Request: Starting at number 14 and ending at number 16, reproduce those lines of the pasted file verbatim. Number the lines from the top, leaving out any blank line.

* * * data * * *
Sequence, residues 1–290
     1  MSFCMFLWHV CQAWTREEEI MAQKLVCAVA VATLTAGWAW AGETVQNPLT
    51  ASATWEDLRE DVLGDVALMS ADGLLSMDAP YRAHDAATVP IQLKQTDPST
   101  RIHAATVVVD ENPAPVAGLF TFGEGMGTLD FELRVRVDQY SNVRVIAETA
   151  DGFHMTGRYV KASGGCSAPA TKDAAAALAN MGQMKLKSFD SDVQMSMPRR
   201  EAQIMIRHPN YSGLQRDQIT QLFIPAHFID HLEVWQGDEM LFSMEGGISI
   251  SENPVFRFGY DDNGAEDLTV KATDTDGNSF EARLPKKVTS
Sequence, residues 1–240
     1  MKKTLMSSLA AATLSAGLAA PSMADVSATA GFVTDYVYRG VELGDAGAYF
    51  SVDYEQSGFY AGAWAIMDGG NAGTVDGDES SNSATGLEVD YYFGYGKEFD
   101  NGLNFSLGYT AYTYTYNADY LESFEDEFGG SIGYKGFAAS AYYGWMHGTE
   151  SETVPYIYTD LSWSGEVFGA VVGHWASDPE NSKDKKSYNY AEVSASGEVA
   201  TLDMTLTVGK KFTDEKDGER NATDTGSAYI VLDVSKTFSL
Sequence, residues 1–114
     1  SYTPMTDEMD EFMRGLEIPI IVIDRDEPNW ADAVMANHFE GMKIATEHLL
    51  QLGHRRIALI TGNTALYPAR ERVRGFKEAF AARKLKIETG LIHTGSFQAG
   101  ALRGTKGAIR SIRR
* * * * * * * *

Sequence, residues 1–114
     1  SYTPMTDEMD EFMRGLEIPI IVIDRDEPNW ADAVMANHFE GMKIATEHLL
    51  QLGHRRIALI TGNTALYPAR ERVRGFKEAF AARKLKIETG LIHTGSFQAG